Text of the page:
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By Thomas J. Sullivan–
The site of a former chiropractic office at 7880 Old Auburn Rd. in Citrus Heights sits vacant in tall overgrown weeds near Sunrise Boulevard.
Evidence of an active homeless encampment, including piles of clothing and trash around an outlying building on the property, is visible to passers-by, as is the presence of police vehicles that were seen again at the location on Wednesday.
According to Sgt. James Evans of the Citrus Heights Police Department’s Code Enforcement team, 7880 Old Auburn Rd. has been an active code enforcement case file since the former Creekside Chiropractic Offices ceased operations there and moved out in 2013.
The four-bedroom, one-bath residence was built in 1946 on a 18,095-square-foot lot and is listed for sale by the Roseville-based Thomas March Home Selling Group.
Interior building photos and an aerial view of the property site available on multiple on-line realtor listings show several well-appointed office rooms, a large reception area and a detached outside storage building. Photos of the site can be viewed on Zillow.com, where the property is listed for $290,000.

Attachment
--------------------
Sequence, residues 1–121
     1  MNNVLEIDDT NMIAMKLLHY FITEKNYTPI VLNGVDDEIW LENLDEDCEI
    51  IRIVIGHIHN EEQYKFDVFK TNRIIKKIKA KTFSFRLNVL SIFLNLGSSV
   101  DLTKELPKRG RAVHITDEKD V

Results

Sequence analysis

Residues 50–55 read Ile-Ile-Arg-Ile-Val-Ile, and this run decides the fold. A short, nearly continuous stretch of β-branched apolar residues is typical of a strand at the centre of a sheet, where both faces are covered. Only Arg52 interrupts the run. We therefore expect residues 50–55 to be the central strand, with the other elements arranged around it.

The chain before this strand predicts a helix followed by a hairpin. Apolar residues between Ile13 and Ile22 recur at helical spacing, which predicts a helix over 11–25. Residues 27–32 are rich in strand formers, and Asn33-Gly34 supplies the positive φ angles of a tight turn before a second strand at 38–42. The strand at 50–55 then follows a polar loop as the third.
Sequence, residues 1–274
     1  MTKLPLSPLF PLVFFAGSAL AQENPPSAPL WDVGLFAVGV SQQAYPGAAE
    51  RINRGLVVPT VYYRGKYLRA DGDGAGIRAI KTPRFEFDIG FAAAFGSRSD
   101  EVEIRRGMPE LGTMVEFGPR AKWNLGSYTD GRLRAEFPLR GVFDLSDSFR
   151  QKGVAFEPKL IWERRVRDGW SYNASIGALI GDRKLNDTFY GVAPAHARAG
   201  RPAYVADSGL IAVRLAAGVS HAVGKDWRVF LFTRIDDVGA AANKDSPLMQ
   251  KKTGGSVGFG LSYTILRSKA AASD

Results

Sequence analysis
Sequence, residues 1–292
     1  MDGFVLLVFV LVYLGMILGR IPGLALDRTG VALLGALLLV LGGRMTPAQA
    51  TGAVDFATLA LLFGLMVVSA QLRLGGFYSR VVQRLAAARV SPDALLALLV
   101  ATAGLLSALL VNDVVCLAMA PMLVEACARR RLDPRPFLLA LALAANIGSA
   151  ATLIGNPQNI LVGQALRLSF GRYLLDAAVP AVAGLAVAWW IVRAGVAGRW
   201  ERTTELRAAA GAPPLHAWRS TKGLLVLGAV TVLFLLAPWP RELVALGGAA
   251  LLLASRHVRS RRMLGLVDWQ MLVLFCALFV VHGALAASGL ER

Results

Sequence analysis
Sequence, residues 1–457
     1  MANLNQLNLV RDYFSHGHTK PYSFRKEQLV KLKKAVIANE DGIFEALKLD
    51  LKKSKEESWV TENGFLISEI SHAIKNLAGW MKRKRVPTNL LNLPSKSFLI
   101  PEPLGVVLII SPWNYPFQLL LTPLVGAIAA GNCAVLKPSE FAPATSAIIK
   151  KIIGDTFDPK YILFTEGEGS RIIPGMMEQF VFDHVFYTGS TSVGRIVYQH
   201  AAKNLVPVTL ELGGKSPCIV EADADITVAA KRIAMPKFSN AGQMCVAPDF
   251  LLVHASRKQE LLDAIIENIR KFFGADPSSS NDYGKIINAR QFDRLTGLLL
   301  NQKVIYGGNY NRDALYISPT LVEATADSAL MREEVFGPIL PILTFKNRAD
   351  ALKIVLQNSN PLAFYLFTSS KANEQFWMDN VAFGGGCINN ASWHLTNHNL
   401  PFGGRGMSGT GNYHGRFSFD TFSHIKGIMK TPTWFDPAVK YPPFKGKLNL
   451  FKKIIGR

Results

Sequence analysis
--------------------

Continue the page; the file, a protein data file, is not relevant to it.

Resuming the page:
Sergeant Evans told The Sentinel that the property’s real estate broker has been “repeatedly telephoned” by code enforcement, but he said “they have been unresponsive.”
The Thomas March Home Selling Group is affiliated with Keller Williams Real Estate, at 548 Gibson Drive, Suite 200 in Roseville, but March himself works off-site. The Sentinel provided recently taken photographs of the property at 7800 Old Auburn Blvd. to his Roseville office for comment.
March, contacted by telephone, was asked whether he was aware of multiple efforts by Code Enforcement officers to contact him regarding cleanup of the property. “The property at 7880 Old Auburn Rd. is an active listing, but otherwise, I have no comment,” he said.
March, has a prominent billboard sign on the property and is marketing the listing as a business and investment opportunity for a home-based single-operator-type business as a medical, dental or legal office. The property is zoned RD-20, so a multi-unit property could be developed on the site, March says in the property listing.
Code Enforcement is part of the Citrus Heights Police Department’s ongoing Problem Oriented Policing (POP) program.
“It’s a lengthy process to take action against a property owner,” Evans said. “We investigate each complaint and then contact the owner, to whom we give notice to comply with the concerns identified by city Code Enforcement.”
“By law, the property owner is then given appropriate time to comply. If they fail to clean up the property, Code Enforcement provides summons notice to the property owner that the City of Citrus Heights will perform the cleanup itself and bill the property owner at their expense.”
Police say further action will be taken by Code Enforcement at the property.
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